Thursday, December 22, 2016

Sifting Through the Rubble



Lately, I've been sifting through the rubble of what was my former optimistic self, trying to figure out what to make of what I'm filled with since the election, which is mostly this: pain and suffering and despair.

Pain is real, and should be acknowledged. Pain tells me to pull my hand out of the fire. Pain tells me to do something...NOW. Pain should be acted upon.

Suffering is self-created: a choice. Suffering happens when I resist what is. Suffering isn't noble. It doesn’t help me, and it doesn’t help anyone around me. Suffering keeps me trapped in pain.
 
Despair is when I search outside myself for hope and, finding none, I believe that hope doesn't exist. Despair isn't real.

So here's what I make of these messy emotions: We are entering a dark era. The only way I get through this is to ditch the suffering and despair, and act on the pain. I can't look for someone else to save me. I've got to find hope inside of myself first, and let it build. I have to connect to every other flicker of hope I find, and create networks of hope. I have to appreciate every tiny beautiful moment; a cat sleeping in my lap, a kind word from a stranger, an extraordinary sunset...and let those tiny moments carry me until the rest of the world reflects light again.


The light will return. Maybe not now, maybe not soon...but it will return. That much I know.
It returns, because we create it. 

DARKNESS DEFINES THE LIGHT


“Darkness defines the light.” That’s what my yoga/meditation teacher Kristen Eykel said, as we engaged in a deep discussion after a group meditation this morning. The darkness that is sweeping the country and the world right now is defining a message for us: RISE.

I woke up today, like every day since the election, with a feeling of dread in my stomach. I've been miserable and short-tempered, and not much fun to live with, even though i meditate and do yoga and I try, really try, to be positive. But today, I think I finally figured out why I can't shake this awful feeling; I am changing. Life is changing me and change is fucking painful -- it just is. I wrote about this in Fire Season. When a caterpillar transforms into a butterfly, it's an ugly affair. Before the butterfly can form, the caterpillar must first completely liquefy inside the chrysalis, becoming what my friend Lyena Strelkoff termed "caterpillar soup." So maybe that's where a lot of us are at right now. We are lying on the floor in a puddle, beat down by life, caterpillar soup -- and that's okay. It's a stage, a step on the ladder of metamorphosis.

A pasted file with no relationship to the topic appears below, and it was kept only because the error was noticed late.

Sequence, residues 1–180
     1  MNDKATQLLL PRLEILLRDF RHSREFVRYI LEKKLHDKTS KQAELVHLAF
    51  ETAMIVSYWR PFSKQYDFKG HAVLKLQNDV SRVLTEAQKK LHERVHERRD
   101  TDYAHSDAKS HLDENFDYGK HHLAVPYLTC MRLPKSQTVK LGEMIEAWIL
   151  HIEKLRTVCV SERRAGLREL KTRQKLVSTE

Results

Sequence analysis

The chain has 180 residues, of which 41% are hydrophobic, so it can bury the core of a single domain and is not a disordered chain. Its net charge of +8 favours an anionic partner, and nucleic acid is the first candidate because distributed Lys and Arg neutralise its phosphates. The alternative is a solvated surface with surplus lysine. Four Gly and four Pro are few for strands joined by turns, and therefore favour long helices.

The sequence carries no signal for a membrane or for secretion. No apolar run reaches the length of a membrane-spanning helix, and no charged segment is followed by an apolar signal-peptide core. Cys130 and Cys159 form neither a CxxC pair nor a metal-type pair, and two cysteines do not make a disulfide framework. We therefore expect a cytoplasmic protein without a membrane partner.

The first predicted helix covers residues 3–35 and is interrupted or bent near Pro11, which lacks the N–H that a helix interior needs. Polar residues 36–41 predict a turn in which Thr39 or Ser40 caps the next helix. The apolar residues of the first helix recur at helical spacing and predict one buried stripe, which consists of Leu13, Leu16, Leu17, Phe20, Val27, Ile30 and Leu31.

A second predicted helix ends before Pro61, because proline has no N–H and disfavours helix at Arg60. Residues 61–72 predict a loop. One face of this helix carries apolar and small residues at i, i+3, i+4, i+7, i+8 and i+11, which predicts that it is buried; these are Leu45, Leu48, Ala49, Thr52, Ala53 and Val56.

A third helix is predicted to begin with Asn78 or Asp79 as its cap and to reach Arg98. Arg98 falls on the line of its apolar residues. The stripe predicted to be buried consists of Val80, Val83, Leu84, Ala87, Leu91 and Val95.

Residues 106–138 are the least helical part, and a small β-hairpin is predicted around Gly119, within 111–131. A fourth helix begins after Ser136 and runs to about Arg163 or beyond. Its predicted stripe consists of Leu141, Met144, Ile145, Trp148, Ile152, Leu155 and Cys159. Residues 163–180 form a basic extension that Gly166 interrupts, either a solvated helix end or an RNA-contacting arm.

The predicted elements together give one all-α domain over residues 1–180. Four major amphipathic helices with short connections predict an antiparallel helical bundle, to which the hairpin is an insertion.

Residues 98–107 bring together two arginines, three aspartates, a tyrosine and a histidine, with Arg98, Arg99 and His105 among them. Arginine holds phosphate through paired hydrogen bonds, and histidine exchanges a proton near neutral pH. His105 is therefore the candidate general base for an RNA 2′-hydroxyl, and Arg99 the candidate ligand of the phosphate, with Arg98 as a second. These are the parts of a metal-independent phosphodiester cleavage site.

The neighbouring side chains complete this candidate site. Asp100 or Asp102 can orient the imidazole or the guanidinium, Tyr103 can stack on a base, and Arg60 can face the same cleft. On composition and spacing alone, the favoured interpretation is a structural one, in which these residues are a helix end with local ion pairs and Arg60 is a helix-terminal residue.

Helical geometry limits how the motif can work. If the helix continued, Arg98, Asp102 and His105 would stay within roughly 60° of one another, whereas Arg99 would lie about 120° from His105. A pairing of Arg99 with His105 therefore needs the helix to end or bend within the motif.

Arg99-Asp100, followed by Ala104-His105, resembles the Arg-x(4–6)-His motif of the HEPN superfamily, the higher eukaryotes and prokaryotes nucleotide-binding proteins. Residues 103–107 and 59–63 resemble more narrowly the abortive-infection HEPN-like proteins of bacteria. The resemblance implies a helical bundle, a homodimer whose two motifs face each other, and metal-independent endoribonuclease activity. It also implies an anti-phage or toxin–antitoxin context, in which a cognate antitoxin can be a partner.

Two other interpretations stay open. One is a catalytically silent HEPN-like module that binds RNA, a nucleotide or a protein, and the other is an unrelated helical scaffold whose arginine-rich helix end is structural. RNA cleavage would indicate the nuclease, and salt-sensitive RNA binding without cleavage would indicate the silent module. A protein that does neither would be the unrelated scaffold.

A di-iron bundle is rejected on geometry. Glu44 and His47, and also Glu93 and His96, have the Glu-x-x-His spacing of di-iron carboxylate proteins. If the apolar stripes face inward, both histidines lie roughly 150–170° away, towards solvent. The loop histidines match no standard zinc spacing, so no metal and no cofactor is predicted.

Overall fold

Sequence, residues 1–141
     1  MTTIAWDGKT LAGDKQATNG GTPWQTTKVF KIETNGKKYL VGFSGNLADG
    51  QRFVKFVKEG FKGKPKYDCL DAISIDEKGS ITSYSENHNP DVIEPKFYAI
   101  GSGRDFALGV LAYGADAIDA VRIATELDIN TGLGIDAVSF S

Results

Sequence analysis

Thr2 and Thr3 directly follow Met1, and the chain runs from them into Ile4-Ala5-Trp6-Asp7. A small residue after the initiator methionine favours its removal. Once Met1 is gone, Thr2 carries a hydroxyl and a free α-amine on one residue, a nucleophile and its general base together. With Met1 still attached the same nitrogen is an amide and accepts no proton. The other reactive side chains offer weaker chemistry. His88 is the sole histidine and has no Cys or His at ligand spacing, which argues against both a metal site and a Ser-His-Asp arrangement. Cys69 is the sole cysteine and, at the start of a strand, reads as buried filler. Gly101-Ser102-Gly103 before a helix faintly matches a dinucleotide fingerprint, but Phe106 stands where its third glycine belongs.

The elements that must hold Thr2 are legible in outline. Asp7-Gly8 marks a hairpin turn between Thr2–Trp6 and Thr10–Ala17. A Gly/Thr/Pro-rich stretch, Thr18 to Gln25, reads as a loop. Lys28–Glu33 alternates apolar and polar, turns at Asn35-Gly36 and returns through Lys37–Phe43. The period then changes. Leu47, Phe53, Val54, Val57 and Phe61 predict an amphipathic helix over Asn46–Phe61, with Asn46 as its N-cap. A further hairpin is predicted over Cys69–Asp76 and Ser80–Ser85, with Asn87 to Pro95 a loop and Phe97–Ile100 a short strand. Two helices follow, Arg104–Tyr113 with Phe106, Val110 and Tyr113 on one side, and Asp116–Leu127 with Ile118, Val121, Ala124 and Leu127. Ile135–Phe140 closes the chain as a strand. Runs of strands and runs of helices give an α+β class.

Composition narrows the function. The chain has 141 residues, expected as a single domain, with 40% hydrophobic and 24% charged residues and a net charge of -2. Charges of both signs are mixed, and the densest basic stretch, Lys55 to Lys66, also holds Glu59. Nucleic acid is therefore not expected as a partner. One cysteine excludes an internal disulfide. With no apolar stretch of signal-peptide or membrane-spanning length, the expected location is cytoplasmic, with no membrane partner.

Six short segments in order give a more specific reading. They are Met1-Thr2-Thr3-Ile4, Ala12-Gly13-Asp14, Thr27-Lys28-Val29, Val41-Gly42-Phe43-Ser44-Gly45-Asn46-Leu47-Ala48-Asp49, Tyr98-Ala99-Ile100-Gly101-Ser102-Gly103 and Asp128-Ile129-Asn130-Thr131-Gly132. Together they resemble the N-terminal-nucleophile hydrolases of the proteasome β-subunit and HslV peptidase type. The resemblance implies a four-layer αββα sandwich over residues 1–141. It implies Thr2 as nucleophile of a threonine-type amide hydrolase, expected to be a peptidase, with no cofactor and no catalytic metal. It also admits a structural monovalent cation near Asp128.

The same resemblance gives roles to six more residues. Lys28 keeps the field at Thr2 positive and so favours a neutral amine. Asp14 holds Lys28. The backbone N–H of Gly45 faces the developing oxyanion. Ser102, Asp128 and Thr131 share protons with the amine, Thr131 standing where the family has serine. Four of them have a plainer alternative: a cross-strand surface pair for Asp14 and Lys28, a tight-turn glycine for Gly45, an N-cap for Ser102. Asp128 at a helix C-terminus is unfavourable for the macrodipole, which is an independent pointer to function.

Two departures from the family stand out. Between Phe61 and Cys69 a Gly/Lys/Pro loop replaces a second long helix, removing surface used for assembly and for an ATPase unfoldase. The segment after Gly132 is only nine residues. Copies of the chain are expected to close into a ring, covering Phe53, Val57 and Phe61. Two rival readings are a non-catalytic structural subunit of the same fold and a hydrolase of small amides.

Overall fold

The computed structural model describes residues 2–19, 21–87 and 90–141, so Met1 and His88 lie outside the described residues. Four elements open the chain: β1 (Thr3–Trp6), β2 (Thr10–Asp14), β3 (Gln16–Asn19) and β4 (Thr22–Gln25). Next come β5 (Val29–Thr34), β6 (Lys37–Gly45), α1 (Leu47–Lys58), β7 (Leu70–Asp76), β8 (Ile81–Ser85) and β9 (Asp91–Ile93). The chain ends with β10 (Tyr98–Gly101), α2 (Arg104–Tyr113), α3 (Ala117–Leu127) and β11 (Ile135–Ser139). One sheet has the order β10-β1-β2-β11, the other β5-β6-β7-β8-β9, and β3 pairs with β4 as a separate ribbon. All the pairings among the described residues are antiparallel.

My brilliant friend Lyena had this to say on the subject, "The only way to become more than we were (plus it's the fastest way out of the soup) is to surrender to dissolving. The more we deny how we feel, the more we try to run away from it, cover it up, try to shove ourselves prematurely out of the chrysalis with inauthentic gratitude or positivity, the longer the process will take and the more likely we'll get stuck there. 'Who am I willing to become?' --that's the only question I have to ask. And then let the process of becoming take its (uncomfortable, miserable at times) course. Adversity sucks. But adversity of any kind, personal, professional, communal, global, is always presenting us with the opportunity to become more than we've ever been. The thing is, we have to say yes. And if we don't, then adversity only sucks."

If there’s any silver lining behind these shitstorm clouds, it’s that people are beginning to wake up and answer the call of their higher selves. Human rights, equality, and basic goodness are not granted to us. We are the ones who work to make these things a reality. So how do we do it while the bad news is pummeling us, daily? There is so much: the environment, women's health, defending the marginalized, protecting journalism and the truth. Each of has to decide what our personal activism will be, and then take action. Some of us are warriors who will march, some of us are surgeons who will actively cut the cancer out of this country through legislation, some of us are seamstresses who will stitch the fabric of our society back together, some of us are wordsmiths who will renew the troops with hope and direction, some of us are healers who will hold up the wounded. We all have a role. 

And when we finally pull ourselves out of the soup, when we finally rise, we have to become more than we ever knew we could be. We have to look ourselves in the mirror and say, "I am willing to step into my full potential and own my power."  We have to shine brighter, be bigger, be more than we were before. What other choice is there?

 One thing is certain: the time for hand-wringing is over. All hands on deck. 
 RISE.